Zoom, the videoconferencing app that’s dominating our coronavirus-created work, school, and social lives, is more popular than ever. With this popularity has come a wave of scrutiny, and Zoom’s new users have been joined by a lawsuit, a letter from a state attorney general, and accusations of shady privacy practices.
Zoom was released in 2013 and steadily climbed the videoconferencing app ranks, becoming one of the most popular business apps out there for the last several years.
Source: Coronavirus made Zoom popular but exposed privacy and security problems – Vox
The Pentagon will continue to use commercial airlines to evacuate Americans trapped overseas amid the coronavirus pandemic, in part to support a hard-hit industry that provides important military capability, the general in charge of the military’s global logistics efforts said Tuesday.
“I am concerned to some degree about the impacts on the passenger segment of the aviation industry.” Army Gen. Stephen Lyons, head of U.S. Transportation Command, said during a Tuesday briefing. “Any opportunity we have to push workload in their direction, we’re doing that. We’re doing that largely with the repatriation efforts and other efforts of that sort.”
TRANSCOM uses 25 cargo and passenger airlines to augment its own military transports. Airlines that are part of the Civil Reserve Air Fleet ferry troops and cargo around the world.
Source: Military Leaders Worry About Health of Commercial Airlines – Defense One
The U.S. Navy says it will remove the majority of USS Theodore Roosevelt’s crew so the aircraft carrier can be disinfected, one day after its commanding officer sent an urgent message asking for help controlling a COVID-19 outbreak.
“The key is to make sure that we can get a set of crew members that can man all those critical functions on the ship, make sure they’re clean, then get them back on while we clean the ship and get the other crew members off,” Acting Navy Secretary Thomas Modly said in a Tuesday interview with CNN.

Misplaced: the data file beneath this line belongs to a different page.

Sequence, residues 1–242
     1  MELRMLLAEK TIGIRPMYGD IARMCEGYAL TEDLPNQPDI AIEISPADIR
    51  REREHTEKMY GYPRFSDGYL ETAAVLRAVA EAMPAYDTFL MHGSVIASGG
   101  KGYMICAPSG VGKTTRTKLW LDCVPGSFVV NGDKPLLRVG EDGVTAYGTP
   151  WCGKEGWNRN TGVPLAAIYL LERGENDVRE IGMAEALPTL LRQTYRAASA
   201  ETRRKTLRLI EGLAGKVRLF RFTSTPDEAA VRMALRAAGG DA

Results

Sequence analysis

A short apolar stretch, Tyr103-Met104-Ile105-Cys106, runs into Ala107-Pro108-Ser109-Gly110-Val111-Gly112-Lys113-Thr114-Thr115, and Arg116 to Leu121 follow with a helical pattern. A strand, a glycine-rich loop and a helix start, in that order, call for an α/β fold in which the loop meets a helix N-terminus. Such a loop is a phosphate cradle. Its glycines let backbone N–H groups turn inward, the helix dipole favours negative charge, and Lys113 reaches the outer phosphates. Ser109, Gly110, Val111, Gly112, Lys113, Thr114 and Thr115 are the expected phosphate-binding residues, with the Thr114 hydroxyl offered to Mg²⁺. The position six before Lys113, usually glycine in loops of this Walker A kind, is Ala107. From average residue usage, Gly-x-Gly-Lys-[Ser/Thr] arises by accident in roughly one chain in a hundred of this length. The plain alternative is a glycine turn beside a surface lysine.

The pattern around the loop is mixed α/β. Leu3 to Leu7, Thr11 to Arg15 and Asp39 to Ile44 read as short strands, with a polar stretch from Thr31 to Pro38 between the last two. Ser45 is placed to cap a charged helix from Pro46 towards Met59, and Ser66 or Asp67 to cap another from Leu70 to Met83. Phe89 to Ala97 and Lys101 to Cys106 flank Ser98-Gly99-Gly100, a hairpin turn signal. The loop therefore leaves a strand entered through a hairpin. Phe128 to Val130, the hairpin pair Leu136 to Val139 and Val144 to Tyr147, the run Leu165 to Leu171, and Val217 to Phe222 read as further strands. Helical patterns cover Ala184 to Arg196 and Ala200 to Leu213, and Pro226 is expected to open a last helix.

“And that’s the process we’re going through. It’s very methodical. We’re absolutely accelerating it as we go.”
Source: US Navy Evacuating Aircraft Carrier Infected by Coronavirus – Defense One
As soon as the novel coronavirus began spreading across the country, some pundits—and on occasion President Trump—alleged that health experts and the media were exaggerating the problem and that policy makers were responding with measures that the American people would not tolerate.
The high-quality survey research published in recent days makes it clear that the people don’t agree. They believe that we face a national emergency and that all the steps taken during the past few weeks are reasonable and proportionate. As of now, moreover, there is no evidence—none—that these measures have pushed the people past their breaking-point into non-compliance or revolt.Here’s a summary of the key findings from three wide-ranging surveys conducted by Economist/YouGov, the Pew Research Center, and the Washington Post.
Source: Polling shows Americans see COVID-19 as a crisis, don’t think US is overreacting
Once every decade, April 1 transforms into a little-known, if pivotal, holiday: Census Day, the official reporting date of the decennial U.S. census. Millions of Americans, many sequestered at home, are now completing their 2020 census information online, by phone, or by mail. In doing so, they are fulfilling an important civic duty, as mandated by the Constitution.
Although the COVID-19 pandemic has required the Census Bureau to revise some of its schedule, the fruits of this mammoth survey will be rich and detailed information about the demographic state of our nation which will roll out over the course of next year.
After, we should have the complete, precise picture of America’s population that only comes every ten years.
Source: Census Day is here. How is our nation changing?